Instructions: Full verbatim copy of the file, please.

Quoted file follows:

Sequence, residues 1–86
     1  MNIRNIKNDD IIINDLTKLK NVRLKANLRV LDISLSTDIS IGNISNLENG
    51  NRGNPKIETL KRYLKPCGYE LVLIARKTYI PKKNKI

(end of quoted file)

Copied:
Sequence, residues 1–86
     1  MNIRNIKNDD IIINDLTKLK NVRLKANLRV LDISLSTDIS IGNISNLENG
    51  NRGNPKIETL KRYLKPCGYE LVLIARKTYI PKKNKI